Lemieux made a clever move faking past a Finnish defender to gain the zone and spotted Sakic breaking down the slot unchecked. His pass across was right on the tape and Sakic drilled the puck past Kiprusoff for a 1-0 Canadian lead.
The Finns tied the game, 1-1, at 6:34 as some sustained Finnish pressure paid off when Riku Hahl redirected a Toni Lydman shot from the high slot past a screened Brodeur.
Once tied, the Finns put their system into full force and repeatedly frustrated Team Canada’s attempt to break out of their zone, forcing icing call after icing call that slowed the pace considerably.
But the tactic worked for the Finns, who left the ice after one period with a 1-1 tie, with Canada holding the slim edge in saves, 9-7.
Scott Niedermayer restored Canada’s lead at 3:15 of the second period as Canada took advantage of slow developing 4-on-3 break. Niedermayer took the puck from Kris Draper in the left circle and wrested a shot between the pads of Kiprusoff, again setting off a thunderous celebration inside the arena.
Once again, the Finns regained their composure after the goal and put some pressure on the Canadian net, forcing Brodeur to make good saves against Jere Lehtinen from 15 feet out and then an off-balance shot from Niklas Hagman.
The Finns’ pressure paid off in a 2-2 tie at 19:00 of the second when Tuomo Ruutu scored off a wonderful individual effort in which he beat three Canadian checkers.
Gaining the Canadian zone with speed, Ruutu eluded Simon Gagne along the right-wing boards, then deked Jarome Iginla and finally caused Niedermayer to overcompensate and skate past him. Clear of the pack of red-clad defenders, Ruutu wristed the puck from the right circle past the glove hand of Brodeur.
00:52 – 🇨🇦 GOAL – Sakic (Lemieux, Brewer)
06:34 – 🇫🇮 GOAL – Hahl (Lydman, Berg)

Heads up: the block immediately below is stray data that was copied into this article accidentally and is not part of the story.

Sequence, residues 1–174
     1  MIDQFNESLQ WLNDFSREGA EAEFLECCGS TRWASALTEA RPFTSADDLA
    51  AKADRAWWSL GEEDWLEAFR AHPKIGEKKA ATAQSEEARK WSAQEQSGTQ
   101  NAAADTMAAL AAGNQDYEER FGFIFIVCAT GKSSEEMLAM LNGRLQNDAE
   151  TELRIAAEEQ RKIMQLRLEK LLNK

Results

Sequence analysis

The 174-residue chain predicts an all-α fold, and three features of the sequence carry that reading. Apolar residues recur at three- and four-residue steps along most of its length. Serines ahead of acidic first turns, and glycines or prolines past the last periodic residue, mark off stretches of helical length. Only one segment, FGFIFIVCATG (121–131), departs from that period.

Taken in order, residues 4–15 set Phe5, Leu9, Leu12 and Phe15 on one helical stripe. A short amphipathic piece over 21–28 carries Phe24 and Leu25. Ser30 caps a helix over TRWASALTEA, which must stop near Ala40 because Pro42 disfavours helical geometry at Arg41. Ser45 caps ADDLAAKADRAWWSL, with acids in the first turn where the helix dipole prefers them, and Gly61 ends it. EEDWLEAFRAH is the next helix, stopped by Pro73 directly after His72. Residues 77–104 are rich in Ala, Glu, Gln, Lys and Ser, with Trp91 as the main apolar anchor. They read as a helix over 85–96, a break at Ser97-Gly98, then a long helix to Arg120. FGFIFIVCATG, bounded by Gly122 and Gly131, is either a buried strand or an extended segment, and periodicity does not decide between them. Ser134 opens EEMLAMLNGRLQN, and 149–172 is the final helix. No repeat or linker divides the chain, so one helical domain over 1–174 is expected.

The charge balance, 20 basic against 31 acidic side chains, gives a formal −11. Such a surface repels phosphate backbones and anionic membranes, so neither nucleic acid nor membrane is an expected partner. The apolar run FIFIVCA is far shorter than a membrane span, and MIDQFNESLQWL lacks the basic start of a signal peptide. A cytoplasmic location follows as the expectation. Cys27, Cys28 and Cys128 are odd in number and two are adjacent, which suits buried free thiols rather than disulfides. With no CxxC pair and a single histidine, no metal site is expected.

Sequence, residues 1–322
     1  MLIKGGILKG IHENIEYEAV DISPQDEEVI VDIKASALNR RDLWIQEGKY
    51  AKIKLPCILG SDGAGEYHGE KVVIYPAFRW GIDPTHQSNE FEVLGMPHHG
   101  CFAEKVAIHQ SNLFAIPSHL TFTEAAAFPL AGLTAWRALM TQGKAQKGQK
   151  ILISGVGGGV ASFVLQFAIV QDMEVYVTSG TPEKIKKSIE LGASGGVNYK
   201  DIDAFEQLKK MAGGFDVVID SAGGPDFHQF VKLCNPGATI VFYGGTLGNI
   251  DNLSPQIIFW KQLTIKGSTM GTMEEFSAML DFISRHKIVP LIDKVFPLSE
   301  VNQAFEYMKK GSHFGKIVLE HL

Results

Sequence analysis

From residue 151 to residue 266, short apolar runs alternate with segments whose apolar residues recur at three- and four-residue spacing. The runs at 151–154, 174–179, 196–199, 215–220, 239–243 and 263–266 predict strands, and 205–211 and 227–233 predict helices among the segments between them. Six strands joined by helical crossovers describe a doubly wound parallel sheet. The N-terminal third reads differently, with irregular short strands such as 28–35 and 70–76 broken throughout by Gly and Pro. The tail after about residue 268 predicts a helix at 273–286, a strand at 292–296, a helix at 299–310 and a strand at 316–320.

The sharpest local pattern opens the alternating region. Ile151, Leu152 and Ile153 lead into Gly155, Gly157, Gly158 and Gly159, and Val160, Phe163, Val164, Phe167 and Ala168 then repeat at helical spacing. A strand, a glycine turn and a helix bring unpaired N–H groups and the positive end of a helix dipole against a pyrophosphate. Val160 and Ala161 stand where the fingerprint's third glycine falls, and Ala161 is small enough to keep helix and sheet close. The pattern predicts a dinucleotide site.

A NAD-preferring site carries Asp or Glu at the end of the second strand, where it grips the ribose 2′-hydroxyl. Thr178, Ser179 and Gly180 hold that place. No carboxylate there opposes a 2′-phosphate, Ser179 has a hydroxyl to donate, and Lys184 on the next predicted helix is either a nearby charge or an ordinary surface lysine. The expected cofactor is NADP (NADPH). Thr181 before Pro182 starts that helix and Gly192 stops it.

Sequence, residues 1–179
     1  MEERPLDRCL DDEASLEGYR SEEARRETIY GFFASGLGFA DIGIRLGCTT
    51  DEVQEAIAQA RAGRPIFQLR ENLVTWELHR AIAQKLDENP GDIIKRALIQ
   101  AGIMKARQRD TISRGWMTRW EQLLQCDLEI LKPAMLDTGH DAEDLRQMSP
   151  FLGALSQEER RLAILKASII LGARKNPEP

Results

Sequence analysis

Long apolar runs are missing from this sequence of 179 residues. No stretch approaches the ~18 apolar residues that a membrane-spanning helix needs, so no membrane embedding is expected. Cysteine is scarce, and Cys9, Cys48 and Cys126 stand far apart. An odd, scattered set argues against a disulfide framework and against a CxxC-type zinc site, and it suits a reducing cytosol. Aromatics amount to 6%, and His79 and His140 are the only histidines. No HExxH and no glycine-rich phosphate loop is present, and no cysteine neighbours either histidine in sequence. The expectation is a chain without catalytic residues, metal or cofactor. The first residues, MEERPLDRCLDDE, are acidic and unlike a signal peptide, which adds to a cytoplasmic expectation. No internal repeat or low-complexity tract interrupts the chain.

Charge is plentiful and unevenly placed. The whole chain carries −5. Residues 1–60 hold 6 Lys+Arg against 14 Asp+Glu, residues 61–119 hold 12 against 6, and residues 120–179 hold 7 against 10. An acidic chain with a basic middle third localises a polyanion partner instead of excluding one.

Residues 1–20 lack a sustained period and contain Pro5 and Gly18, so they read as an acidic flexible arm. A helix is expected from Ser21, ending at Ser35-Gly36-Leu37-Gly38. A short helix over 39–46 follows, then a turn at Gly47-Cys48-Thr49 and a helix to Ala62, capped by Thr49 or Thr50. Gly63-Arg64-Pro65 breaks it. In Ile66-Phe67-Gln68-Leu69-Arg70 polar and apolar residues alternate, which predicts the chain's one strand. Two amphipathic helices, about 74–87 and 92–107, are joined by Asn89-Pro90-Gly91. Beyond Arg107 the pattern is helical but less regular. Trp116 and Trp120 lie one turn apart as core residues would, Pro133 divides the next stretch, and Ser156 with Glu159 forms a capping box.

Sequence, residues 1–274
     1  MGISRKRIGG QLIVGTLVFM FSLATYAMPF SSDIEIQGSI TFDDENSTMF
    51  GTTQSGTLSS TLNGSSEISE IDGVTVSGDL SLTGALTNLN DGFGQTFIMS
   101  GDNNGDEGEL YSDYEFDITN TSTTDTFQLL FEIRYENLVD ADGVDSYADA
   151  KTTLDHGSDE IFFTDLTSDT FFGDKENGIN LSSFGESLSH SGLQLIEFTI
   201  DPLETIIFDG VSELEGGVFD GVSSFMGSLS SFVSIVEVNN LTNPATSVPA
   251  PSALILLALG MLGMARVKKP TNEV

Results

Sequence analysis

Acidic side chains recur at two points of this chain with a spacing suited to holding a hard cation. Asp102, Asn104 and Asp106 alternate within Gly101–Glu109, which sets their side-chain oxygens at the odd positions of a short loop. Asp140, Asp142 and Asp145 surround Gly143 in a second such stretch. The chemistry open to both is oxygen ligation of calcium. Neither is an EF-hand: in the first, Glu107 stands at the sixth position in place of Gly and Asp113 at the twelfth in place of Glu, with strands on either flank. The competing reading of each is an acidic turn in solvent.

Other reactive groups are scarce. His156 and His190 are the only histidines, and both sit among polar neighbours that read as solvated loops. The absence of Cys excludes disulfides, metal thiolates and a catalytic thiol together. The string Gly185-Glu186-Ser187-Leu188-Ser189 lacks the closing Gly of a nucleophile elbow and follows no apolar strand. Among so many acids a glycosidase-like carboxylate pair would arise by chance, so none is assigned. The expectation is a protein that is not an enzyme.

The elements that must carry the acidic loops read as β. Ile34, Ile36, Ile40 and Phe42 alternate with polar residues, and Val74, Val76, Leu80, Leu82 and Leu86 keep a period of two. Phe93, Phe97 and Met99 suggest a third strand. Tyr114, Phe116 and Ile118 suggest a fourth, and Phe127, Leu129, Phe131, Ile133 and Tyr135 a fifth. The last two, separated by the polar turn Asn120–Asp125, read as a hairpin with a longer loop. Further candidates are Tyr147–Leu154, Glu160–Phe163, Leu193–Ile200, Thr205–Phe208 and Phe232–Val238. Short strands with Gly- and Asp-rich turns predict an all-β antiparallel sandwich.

16:38 – 🇫🇮 PEN – Selänne, interference
23:15 – 🇨🇦 GOAL – Niedermayer (Draper, Thornton)
32:05 – 🇨🇦 PEN – Doan, tripping
39:00 – 🇫🇮 GOAL – Ruutu (Lydman)
40:34 – 🇨🇦 GOAL – Doan (Thornton, Foote)
W: 🇨🇦 Brodeur (27-29)
L: 🇫🇮 Kiprusoff (30-33)
SHOTS ON GOAL
🇨🇦 9+12+12 = 33
🇫🇮 7+12+10 = 29
🇨🇦 Goaltenders: Martin Brodeur, Roberto Luongo. Defence: Jay Bouwmeester, Eric Brewer, Adam Foote (A), Scott Hannan, Scott Niedermayer, Robyn Regehr. Forwards: Shane Doan, Kris Draper, Simon Gagné, Dany Heatley, Jarome Iginla (A), Vincent Lecavalier, Mario Lemieux (C), Brad Richards, Joe Sakic, Ryan Smyth, Martin St-Louis, Joe Thornton.
🇫🇮 Goaltenders: Miikka Kiprusoff, Kari Lehtonen. Defence: Aki-Petteri Berg, Toni Lydman, Teppo Numminen (A), Sami Salo, Kimmo Timonen, Ossi Väänänen. Forwards: Mikko Eloranta, Niklas Hagman, Riku Hahl, Jukka Hentunen, Olli Jokinen, Niko Kapanen, Saku Koivu (C), Jere Lehtinen, Ville Peltonen, Jarkko Ruutu, Tuomo Ruutu, Teemu Selänne (A).
|🇨🇦 CANADA (C)||vs.||FINLAND 🇫🇮|
(since 25 Aug 2004)
||30 Apr 2003|
(+ 2 ties)
|First IHLC Meeting (CAN vs. FIN)
🇨🇦 CAN 11-1 FIN 🇫🇮 – 10 Mar 1951 – WC – Paris 🇫🇷
|Previous IHLC Meeting (CAN vs. FIN)
🇨🇦 CAN 3-2 FIN 🇫🇮 – 10 Feb 2000 – SHG – Stockholm 🇸🇪
|Last IHLC Game
🇨🇦 CAN 4-3 CZE 🇨🇿 (OT) – 11 Sep 2004 – WCH – Toronto 🇨🇦
|Next IHLC Game
🇨🇦 CAN 3-2 SUI 🇨🇭 (SO) – 09 Nov 2004 – SWC – Kreuzlingen 🇨🇭